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A Slow Easter Sunday

"Fweedom Rings" spindle from Tilt-A-Whorl, with merino-tussah cop.

“Fweedom Rings” spindle from Tilt-A-Whorl, with merino-tussah cop.

Outside of the initial excitement of the Easter Beagle and Bunny visiting and leaving loads of sugar for the kids to get high on, this has actually been a very boring day. I know that sounds like a complaint, but really, it isn’t. For most of my adult life, the word “excitement” has translated into drama, money problems, the car breaking down just when you need it most, unexpected bills…the list goes on. Rarely did it have anything to do with something good, so I always said that I couldn’t wait for life to be boring, because it would mean everything was basically on an even keel. So even if I’m bored out of my mind, I don’t make the mistake of wishing for something exciting!

Today, I was actually bored. There were no chores that needed my immediate attention, the children (mostly) behaved, hubby was busy with things he needed to do and was out for a good part of the day, and I really didn’t have anything to do. So, I spent most of the day spinning.

I had two ounces of a merino-tussah silk blend roving sitting here, and I decided to put it on a drop spindle a few days ago, and that’s what I spent today working on. I’ve got a respectable amount of cop on the spindle now, and I’m very happy with the way this blend spins, not to mention the spindle itself. The roving drafts out so smoothly due, I’m guessing, in part to the silk in it. It’s a beautiful single, nice and shiny and soft. Once I’ve spun it all, then I have to figure out how to ply it. There’s a method I can use called Andean plying, which involves wrapping the yarn around my hand in such a way that allows me to work with both ends of the yarn at the same time in order to ply them together. I may let it rest on the spindle for awhile instead, though, as there is a shop on Etsy, Straddle Creek Spins, that carries a handmade Andean plying tool, which would free up my hands a bit if I bought it. It’s not an expensive item either, but the shop also carries Mayan spinners, and I need three of those too! Yes, I know, I am tumbling down the rabbit hole even further. The Mayan spinner is a different type of spindle, and the reason I need three is that I want one, but the girls have both shown an interest in spinning, and from the videos I’ve seen on Mayan spinning, they would definitely get the hang of it much faster than they would the drop or supported spindles, especially the three-year-old! I’m going to hold out until I can afford to buy everything at once, which will cut down on shipping. Roving is fairly inexpensive at my local yarn shop, going for about $2.50/ounce, so for about $5, I can get them each an ounce of roving to spin or entangle as they will, without getting into my own! If they like it, it’ll be something they can do to spend time in my studio, which is apparently something they really want to do, since my studio is generally off limits. Forbidden fruit, and all that. Besides, I’d like to share some interests with them that don’t include electronic devices!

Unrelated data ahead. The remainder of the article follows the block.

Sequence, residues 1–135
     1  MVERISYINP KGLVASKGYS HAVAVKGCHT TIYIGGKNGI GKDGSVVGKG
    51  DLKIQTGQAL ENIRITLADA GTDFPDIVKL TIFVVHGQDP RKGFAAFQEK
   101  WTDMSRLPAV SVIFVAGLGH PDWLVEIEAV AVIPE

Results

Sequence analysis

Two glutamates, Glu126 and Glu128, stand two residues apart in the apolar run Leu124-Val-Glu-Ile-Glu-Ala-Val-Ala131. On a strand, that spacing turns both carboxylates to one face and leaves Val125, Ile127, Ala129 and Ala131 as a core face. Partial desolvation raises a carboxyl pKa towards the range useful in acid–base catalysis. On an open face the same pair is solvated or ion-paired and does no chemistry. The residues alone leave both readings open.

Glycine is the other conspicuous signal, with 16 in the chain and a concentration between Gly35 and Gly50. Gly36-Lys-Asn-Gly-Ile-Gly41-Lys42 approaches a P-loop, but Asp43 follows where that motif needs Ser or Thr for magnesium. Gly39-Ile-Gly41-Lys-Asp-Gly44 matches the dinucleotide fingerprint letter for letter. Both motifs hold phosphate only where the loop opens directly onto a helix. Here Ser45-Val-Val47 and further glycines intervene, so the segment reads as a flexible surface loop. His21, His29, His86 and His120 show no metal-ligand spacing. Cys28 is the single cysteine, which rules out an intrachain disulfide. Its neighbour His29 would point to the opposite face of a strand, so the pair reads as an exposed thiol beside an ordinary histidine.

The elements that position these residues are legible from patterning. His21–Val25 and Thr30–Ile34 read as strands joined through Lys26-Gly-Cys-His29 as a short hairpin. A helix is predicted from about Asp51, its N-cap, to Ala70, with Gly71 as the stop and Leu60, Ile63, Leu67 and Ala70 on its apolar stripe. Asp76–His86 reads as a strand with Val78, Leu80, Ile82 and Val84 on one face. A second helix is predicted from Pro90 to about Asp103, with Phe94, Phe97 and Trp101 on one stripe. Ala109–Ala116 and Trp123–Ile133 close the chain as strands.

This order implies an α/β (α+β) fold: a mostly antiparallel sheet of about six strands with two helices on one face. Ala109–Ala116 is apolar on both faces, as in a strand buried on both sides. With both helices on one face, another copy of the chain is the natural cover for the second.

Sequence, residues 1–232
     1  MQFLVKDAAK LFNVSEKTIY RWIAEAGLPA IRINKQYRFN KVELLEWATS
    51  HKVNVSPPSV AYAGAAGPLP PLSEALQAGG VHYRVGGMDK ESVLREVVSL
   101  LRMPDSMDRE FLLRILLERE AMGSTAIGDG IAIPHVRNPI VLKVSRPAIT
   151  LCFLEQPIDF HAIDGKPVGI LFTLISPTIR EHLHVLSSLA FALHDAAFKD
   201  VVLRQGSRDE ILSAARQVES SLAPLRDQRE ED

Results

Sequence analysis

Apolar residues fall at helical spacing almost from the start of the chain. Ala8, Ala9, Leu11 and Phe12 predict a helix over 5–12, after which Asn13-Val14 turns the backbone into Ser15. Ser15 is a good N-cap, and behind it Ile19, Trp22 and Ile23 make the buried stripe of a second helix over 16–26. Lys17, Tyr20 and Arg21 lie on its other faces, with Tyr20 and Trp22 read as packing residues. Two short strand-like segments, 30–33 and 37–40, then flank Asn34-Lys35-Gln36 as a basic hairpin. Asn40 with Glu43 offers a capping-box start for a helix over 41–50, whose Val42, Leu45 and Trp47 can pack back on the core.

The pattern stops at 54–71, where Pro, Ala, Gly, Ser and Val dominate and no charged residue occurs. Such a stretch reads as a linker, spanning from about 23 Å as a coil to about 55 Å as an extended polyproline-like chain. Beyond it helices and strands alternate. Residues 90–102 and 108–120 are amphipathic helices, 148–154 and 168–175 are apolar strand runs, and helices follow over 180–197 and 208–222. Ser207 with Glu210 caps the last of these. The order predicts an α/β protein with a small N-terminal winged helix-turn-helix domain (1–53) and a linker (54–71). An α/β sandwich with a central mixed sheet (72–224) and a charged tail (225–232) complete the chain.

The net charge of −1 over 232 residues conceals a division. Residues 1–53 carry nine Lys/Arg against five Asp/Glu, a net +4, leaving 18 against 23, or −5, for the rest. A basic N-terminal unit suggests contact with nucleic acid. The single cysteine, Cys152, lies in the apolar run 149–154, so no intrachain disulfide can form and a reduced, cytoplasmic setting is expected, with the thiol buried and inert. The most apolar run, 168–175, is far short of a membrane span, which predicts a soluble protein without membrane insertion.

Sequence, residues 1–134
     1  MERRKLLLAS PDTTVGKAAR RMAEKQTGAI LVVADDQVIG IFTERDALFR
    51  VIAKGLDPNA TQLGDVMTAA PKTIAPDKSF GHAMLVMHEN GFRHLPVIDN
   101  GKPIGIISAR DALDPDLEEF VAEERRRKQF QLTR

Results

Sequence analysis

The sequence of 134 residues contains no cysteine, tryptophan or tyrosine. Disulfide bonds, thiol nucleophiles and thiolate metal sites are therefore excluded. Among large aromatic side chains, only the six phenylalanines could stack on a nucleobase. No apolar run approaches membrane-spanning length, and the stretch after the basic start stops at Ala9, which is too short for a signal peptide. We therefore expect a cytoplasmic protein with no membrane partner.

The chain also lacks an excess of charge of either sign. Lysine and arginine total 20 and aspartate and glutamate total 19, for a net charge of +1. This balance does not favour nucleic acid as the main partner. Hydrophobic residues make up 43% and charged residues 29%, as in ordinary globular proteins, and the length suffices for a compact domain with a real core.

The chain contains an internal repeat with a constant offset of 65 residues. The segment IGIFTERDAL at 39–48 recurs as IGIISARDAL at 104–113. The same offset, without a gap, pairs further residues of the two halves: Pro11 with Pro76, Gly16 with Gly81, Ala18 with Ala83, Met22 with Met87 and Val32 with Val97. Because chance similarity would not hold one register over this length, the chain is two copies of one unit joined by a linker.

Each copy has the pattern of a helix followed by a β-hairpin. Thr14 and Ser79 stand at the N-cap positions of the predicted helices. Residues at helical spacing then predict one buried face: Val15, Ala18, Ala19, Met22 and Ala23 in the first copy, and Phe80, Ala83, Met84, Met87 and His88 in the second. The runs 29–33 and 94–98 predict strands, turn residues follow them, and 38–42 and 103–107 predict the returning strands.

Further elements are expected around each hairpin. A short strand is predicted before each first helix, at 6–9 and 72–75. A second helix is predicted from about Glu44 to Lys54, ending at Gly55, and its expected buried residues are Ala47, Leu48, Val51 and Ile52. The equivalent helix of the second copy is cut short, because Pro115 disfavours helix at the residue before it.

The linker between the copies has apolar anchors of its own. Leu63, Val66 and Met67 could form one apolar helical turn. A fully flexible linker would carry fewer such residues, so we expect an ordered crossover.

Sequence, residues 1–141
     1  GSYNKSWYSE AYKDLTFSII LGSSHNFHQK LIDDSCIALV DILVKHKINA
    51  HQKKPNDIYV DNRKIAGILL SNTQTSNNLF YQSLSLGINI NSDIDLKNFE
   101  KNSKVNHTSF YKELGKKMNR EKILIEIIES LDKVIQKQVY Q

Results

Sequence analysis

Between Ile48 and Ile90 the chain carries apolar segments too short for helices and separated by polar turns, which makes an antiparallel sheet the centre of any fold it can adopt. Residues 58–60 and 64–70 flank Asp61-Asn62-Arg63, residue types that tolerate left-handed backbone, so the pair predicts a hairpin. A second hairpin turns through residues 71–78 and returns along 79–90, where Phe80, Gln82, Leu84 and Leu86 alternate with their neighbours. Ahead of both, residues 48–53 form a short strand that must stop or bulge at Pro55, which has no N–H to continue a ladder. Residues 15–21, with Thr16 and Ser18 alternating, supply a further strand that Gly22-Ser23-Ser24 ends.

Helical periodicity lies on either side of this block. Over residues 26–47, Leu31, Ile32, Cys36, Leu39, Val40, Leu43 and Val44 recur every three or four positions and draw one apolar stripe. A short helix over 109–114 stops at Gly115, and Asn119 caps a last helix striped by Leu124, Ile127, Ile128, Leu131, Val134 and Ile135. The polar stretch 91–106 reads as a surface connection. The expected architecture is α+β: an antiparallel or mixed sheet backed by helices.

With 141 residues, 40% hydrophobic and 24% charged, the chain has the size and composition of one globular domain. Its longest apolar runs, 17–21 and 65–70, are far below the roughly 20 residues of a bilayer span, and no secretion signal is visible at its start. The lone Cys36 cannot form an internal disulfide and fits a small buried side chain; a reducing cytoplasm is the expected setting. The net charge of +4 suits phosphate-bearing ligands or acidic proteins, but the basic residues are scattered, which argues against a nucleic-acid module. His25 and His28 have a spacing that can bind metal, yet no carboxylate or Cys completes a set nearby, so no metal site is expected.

The spindle is from Tilt-A-Whorl, another Etsy shop (has anyone noticed my pattern here? There are a lot of Etsy shops that get me in trouble!). The spindles are made of plastic from DVD cases and CD clamshells, and glass beads. This is the only Tilt-A-Whorl spindle I own, but I fell in love with it. I loved the rainbow of colors against the black background. It spins like a dream, a good, fast spin. No, I haven’t stopped practicing with my supported spindles, but I decided I really want to see how this merino-silk yarn turns out once it’s spun and on the niddy-noddy. I have a good feeling about it!

My youngest expressed her interest in spinning by “helping” me to spin on the Russian spindle a few days ago, and my oldest got to do a little spinning on my oldest spindle, which I call the beginner’s spindle. She seemed to like it, so I’m hoping to get together enough money for the Mayan spinners very soon!


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